Is Living Together a Risky Proposition?

Living together is a popular stepping stone for today’s couples.

Just 50 years ago, according to the U.S. Census Bureau, only 439,000 unmarried couples were living together. In 2010, that number has skyrocketed to 7.5 million cohabiting couples.

The reasons couples live together range from convenience (“we spend all our time together anyway”), to financial (“why waste money on two apartments”), to pragmatic (“we were both looking for a roommate”).  But, does it help couples take a step in the direction toward a healthier, safer and more permanent relationship?  And if kids are involved, what kind of impact does a cohabiting relationship have on them?

Research shows cohabitating couples are twice as likely to split as married couples. And now, 18 scholars, including W. Bradford Wilcox, director of the National Marriage Project and Dr. John Gottman of the Gottman Institute, are warning cohabiting couples of the negative impact kids face in these living arrangements.

In the recently released report,  Why Marriage Matters: Thirty Conclusions from the Social Sciences, findings show that kids raised in unmarried partner households fare worse than being children whose parents divorce.

 

NPR interviewed Wilcox and Gottman, on the topic of cohabitation. “We’re moving into a pattern where we’re seeing more instability, more adults moving in and out of the household in this relationship carousel,” said Wilcox.

Gottman indicates that the harmful impact cohabitation on kids includes, “externalizing disorders, more aggression, and internalizing disorders, more depression. Children of cohabiting couples are at greater risk than children of married couples.”

This third edition of Why Marriage Matters was released in mid-August (2011) and lists several conclusions from the research that people in cohabiting relationships or contemplating a live-in relationship need to know.

  • Cohabitators report more conflict, more violence, and lower levels of satisfaction and commitment in their relationships than married couples.
  • Married adults have lower rates of alcohol consumption and abuse than cohabitating adults do.
  • 50% of children born to cohabitating parents see their mother’s start or end of a relationship before age 3, compared to just 13% of those born to married parents
  • Nearly one in six children (15.7%) in cohabitating families experience serious emotional distress compared to 3.5% of children with married parents (including adoptive parents).
  • Cohabiting mothers have higher rates of depression than married mothers do.
  • Adolescents in cohabitating households are more likely to engage in delinquent behavior than kids raised in a married household.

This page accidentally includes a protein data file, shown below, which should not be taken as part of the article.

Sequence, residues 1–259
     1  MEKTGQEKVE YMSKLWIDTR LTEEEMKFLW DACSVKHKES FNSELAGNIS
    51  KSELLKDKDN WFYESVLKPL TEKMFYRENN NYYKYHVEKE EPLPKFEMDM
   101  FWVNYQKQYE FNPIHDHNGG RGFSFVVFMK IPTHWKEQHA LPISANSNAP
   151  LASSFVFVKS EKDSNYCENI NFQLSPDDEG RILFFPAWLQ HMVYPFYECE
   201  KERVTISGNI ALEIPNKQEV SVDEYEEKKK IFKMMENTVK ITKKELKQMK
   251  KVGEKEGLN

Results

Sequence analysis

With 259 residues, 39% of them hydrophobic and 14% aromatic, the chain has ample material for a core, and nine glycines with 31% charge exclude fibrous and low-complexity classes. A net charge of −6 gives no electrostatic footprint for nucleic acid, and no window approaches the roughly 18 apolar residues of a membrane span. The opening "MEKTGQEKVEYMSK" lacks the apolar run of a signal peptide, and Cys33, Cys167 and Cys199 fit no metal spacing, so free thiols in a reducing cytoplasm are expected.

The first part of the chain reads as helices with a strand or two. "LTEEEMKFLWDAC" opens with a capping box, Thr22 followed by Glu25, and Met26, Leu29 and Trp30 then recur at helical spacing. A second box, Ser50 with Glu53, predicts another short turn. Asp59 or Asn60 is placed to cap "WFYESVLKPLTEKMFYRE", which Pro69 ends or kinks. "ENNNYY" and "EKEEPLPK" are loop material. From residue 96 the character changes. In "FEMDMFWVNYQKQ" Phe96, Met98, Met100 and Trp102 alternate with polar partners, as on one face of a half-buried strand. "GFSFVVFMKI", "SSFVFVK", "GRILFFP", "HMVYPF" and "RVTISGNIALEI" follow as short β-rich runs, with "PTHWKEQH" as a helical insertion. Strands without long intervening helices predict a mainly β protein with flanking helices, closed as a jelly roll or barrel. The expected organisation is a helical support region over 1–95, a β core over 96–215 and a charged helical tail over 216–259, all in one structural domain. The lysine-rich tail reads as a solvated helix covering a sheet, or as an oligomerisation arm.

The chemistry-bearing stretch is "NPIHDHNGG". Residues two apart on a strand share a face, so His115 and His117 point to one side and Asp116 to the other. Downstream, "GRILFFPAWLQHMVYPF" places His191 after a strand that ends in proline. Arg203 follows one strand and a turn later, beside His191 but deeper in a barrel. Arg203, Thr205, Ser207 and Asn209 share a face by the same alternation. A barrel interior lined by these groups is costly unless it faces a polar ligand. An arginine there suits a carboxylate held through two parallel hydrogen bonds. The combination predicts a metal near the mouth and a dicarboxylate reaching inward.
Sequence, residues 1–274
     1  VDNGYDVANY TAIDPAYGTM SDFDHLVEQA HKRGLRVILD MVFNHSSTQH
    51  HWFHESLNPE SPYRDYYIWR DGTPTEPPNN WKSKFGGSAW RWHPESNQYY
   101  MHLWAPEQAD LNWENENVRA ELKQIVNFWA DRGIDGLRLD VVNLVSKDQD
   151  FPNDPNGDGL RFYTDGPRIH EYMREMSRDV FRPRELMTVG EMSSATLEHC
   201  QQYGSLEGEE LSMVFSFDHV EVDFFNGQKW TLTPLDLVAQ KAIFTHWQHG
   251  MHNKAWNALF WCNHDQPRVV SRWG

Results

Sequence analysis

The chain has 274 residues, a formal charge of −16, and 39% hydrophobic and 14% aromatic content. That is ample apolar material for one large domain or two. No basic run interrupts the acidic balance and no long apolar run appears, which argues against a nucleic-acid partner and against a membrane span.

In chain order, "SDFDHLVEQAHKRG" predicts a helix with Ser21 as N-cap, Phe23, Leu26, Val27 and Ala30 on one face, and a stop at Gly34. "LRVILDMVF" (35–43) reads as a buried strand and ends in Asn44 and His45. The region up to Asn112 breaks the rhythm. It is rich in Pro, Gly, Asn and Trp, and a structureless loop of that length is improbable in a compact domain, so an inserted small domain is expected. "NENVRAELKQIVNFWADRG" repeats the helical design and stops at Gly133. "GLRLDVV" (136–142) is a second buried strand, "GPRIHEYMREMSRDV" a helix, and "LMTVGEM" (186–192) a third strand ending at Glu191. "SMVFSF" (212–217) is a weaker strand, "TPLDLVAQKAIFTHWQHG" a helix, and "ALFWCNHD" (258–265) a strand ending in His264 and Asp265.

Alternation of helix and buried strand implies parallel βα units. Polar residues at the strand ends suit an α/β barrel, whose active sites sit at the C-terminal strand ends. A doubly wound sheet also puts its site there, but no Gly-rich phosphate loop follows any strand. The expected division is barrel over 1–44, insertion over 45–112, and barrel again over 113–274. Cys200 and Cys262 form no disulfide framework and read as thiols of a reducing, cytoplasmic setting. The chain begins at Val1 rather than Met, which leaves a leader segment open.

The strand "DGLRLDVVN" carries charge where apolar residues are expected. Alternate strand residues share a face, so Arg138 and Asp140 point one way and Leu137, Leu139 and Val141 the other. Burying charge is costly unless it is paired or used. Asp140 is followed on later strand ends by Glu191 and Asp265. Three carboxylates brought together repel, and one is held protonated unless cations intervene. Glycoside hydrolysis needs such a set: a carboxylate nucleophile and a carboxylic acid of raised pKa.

• Preschoolers in a cohabiting household are 47.6 times more likely to die from abuse compared to child raised in an intact, married household.

Gottman says that the biggest problem with cohabitation is “if you get into trouble, baby you’re on your own; I’m not there for you.”  He advises all couples, married or not, to pick a partner carefully and stick through the hard times together.

Instead of sharing an apartment, couples should attend a Premarital Relationship Education class together.  “Many couples choose to live together to test out how marriage-ready their relationship is, and in some way, attempt to ‘divorce-proof’ their future marriage,” says K. Jason Krafsky, author of Before “I Do”.  “But how can you test drive a lifelong commitment? How do you conditionally test unconditional love? How do you try out a lifetime relationship?”

According to  The State of California’s Unions survey report, a majority of Californians (87%) agree that “all couples considering marriage should be encouraged to get pre-marital education.” Of those married adults who ever attended a Premarital Relationship Education, an astounding 88% found the information they received helpful.

Whether a couple is officially engaged or not, churches, counselors and community organizations throughout California offer Premarital Relationship Education for couples. These services are even more important for couples if kids are involved.

 

 

If you are in a serious relationship and thinking about taking your relationship to the next level, consider the following:

  • Take the Couple Checkup to find your relationship strengths and growth areas.

 

 

Written by Lucinda Loveland – Copyright (C) 2011 Healthy Relationships California

 

 

Are you considering moving in with your partner? What are some of the reasons why you’re considering cohabitation? After reading this article, have any new ideas or perceptions come to mind? (Share with us below)

 

 

 

One Response to “Is Living Together a Risky Proposition?”

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  1. Phylis Lewis says:

    Absolutely love this quote: “But how can you test drive a lifelong commitment? How do you conditionally test unconditional love? How do you try out a lifetime relationship?” mhm deep!”

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